When Algerian-born Serge Carel joined the army of colonial power France during the Algerian war of independence in 1957, he felt incredibly proud.
"My whole family was working with the French — we've always loved France," Carel told DW, while sitting in an armchair in his home 50 kilometers south of Paris.
Joining the Algerian National Liberation Front, known as FLN, would have been a "betrayal," he said, "as I'd have had to shoot at my own family."
By turning his back on his Algerian roots, he had hoped to adopt a new, French identity. He became a so-called "Harki" (Arabic for "movement"), an Algerian auxiliary in the French army.
But little did he know of the pain that this decision would entail throughout his life.
In Algeria, the French army employed the 20-year-old as a translator and intelligence advisor.
"I was part of the avant-garde, as I knew the land very well," the now 84-year-old said, showing yellowed pictures of himself in uniform.
Many 'Harkis' left behind — at the mercy of the nationalists
The war ended over seven years later, in 1962, when France exited its colony in North Africa — after more than 130 years of colonial rule. It also left behind most of its Algerian army's auxiliaries like Carel. Only about 40,000 of them were brought to France, and another 40,000 made it across the Mediterranean Sea on their own account.
Up to 400,000 auxiliaries worked for France during the war, according to historians.
Most of them were left deeply traumatized by what happened next. A trauma that even a recent apology from Emmanuel Macron — he's the first French president to say sorry to the Harkis — won't heal.
Those who were taken to France were interned in camps with poor living and sanitary conditions. Many of them would later struggle to build a normal life.
In 2018, the country's highest court of appeal condemned France for the first time in history to pay €15,000 in compensation to the son of a Harki who had grown up in such a camp, as compensation for the psychological after-effects of the "appalling conditions."
Many of those left behind in Algeria were tortured and killed by the nationalists.
Narrow escape before execution
Carel was one of those who soon got caught by the FLN. "The French had taken away our weapons and abandoned us. It was a disgrace how France behaved. And the FLN wanted vengeance," he explained.
He was brought to a shed in a village and tortured daily.
"But I had saved the lives of one of my guards' parents during the war and so he gave me a chance to escape — just before they wanted to execute me," Carel said.
One of his aunts living in Algiers hid him for a few months and then helped him flee to France. He arrived in Marseille and took the train to Paris. But once there, he didn't find the open arms he was hoping for.
"An officer told me I had lost the French nationality the army had given me. And I replied: So, when France needed us Harkis, we were French. And now that we're no longer needed, we're no longer French?" Carel recalled.
For security reasons, he changed his formerly Arab name to a French one.
Carel completely 'on his own'
During his first few months in France, he would often unload carriages at the Gare de Lyon in Paris, and sleep in the wagons at night. The money he earned was just about enough for food.
Later on, Carel did manage to build up a successful career — and became a manager at an international money transport company.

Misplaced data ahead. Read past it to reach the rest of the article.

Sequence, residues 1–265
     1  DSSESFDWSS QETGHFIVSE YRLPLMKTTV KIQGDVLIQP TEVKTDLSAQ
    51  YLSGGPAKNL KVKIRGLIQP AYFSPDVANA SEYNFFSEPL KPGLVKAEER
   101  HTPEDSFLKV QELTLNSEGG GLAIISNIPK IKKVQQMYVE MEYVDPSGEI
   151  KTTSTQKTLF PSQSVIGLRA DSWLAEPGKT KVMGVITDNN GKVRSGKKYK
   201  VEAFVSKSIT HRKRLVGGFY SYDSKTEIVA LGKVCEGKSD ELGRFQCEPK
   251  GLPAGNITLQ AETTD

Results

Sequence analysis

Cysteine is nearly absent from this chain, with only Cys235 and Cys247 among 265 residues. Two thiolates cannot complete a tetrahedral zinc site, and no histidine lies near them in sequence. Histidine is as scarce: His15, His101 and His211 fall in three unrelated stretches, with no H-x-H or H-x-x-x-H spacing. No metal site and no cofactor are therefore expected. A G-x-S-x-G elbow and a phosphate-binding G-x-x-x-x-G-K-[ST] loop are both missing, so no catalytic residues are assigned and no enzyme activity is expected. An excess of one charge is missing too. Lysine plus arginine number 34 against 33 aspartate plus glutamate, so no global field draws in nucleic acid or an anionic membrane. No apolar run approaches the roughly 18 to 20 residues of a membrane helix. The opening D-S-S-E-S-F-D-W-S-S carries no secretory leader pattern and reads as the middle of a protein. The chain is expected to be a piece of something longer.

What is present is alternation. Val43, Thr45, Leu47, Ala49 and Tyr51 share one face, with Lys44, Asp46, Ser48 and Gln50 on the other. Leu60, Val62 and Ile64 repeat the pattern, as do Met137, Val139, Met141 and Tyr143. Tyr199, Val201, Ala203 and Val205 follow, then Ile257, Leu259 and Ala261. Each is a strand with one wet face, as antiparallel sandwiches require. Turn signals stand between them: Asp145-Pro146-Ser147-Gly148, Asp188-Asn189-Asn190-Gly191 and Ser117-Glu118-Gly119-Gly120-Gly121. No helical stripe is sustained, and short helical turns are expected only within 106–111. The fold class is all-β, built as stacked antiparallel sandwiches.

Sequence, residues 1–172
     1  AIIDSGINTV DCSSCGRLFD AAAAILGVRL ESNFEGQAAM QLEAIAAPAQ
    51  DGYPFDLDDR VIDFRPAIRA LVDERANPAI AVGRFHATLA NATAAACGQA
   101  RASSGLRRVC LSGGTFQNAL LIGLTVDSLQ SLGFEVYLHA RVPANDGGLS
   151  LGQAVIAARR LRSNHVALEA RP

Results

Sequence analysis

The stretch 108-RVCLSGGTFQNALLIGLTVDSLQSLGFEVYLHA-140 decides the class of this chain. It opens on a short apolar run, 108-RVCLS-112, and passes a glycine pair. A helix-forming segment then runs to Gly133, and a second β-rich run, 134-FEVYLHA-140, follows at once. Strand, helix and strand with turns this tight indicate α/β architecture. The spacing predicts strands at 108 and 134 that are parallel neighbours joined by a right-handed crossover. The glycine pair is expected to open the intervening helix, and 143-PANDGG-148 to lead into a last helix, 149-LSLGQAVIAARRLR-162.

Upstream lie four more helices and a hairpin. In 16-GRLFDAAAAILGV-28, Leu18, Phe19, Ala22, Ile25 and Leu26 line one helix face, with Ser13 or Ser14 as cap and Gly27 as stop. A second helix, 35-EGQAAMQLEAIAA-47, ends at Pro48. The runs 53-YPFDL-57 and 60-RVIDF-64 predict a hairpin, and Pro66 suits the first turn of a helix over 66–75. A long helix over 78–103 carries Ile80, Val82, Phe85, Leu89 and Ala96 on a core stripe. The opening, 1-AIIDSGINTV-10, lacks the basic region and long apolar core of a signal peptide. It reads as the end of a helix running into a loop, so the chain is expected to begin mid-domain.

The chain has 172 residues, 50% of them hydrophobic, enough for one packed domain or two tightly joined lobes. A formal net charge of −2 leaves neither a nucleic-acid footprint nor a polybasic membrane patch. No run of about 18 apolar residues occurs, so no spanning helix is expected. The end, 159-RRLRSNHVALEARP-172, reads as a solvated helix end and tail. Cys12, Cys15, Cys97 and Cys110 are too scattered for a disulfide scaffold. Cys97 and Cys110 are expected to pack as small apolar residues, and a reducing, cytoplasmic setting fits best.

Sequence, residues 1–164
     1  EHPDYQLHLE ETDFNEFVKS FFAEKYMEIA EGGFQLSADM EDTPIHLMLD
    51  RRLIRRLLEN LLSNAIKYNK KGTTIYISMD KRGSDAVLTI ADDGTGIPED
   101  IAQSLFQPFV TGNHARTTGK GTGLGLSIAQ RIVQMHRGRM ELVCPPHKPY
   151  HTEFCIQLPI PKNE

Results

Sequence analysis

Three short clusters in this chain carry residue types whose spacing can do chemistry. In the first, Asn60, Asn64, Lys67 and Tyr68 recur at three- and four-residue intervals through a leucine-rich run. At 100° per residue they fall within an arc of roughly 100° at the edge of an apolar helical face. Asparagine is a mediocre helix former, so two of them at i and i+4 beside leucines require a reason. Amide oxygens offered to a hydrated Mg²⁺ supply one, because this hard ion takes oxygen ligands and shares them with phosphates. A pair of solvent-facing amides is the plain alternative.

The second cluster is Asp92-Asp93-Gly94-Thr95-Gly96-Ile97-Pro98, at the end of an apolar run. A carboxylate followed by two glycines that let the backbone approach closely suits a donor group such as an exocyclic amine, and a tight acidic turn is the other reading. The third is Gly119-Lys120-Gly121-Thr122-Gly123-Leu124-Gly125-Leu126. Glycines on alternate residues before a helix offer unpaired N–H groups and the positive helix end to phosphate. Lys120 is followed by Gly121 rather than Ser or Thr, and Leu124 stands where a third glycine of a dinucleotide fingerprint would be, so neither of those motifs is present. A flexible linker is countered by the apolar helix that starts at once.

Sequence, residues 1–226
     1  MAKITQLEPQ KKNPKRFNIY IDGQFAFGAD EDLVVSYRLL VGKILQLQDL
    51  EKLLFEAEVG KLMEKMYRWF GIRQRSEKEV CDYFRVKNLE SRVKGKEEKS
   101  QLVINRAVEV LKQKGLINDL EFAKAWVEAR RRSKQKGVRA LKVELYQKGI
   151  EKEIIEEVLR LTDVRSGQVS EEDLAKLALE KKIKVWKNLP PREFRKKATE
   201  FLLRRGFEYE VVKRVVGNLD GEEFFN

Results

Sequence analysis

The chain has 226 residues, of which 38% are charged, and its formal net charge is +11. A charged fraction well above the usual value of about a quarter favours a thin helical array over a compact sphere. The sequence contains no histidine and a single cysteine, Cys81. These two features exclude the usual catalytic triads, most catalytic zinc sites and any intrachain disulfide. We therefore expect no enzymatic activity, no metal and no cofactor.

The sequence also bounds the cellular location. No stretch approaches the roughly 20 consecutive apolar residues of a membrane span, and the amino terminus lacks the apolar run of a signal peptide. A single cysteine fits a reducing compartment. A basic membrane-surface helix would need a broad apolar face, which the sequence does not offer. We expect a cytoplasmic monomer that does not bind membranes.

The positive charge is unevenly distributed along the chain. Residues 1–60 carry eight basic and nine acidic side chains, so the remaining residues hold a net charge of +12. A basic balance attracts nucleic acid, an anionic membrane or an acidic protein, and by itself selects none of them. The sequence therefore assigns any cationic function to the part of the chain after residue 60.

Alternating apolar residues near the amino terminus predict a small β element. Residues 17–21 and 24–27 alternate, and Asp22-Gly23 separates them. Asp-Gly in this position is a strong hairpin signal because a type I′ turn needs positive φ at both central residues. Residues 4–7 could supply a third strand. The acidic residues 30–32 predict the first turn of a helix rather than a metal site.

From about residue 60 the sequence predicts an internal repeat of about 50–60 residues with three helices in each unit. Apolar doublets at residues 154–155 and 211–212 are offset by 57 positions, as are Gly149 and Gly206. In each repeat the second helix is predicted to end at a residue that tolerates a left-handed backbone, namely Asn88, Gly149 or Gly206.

But those difficult beginnings still left a bitter taste in his mouth.
"It was so disappointing that France didn't help me after all I had gone through — I was completely on my own," he said.
Macron apologizes, vows recognition
President Macron's words at a recent ceremony at the Elysée were to soothe some of Carel's and other Harkis' pain.
"To the combatants we abandoned. To their families who were sent to camps or prison. Given our denial, I am asking you for forgiveness. We shall not forget," Macron said.
The French leader then promised a law of "recognition and reparation." The legislation is to reach Parliament in December and be rubber-stamped before February.
But details of the new rules are not yet known.
'The truth needs to be reestablished'
And Gilles Manceron, a Paris-based historian and specialist in colonial history, fears the legislation might fall short of expectations.
"We are talking about a whole community of people — not just the Harkis themselves, but also their children and grandchildren. They are all traumatized," Manceron told DW.
"For them, reparation also means that the truth is reestablished and everybody learns what happened to their families — especially as French politicians have often said erroneous things about the Harkis," he added.
Carel does welcome how Macron officially apologized for France's wrongdoing.
"No other president before him said sorry; he opened his arms to us and we will of course accept that," he said.
Carel himself was present at that recent ceremony — and at many others to honor the Harkis. His dresser is dotted with pictures of him and Macron and a number of national orders he has been decorated with by France.
Harkis seek further support
But Carel is now asking for more than just tributes.
"We need to have it in black and white that we are French in our own right. I still remember that they used to put a stamp saying 'FM' in our passports, which meant French Muslims — that still hurts!
"Why did they treat us like that? We are more French than any other French!" he uttered, with tears in his eyes.
He added that France should also make compensation payments and provide other benefits such as free health and elderly care for the Harkis.
For Carel, that's the least France can do.
"It's all France's fault. France abandoned its children. And by abandoning them, it sentenced them to death," he said.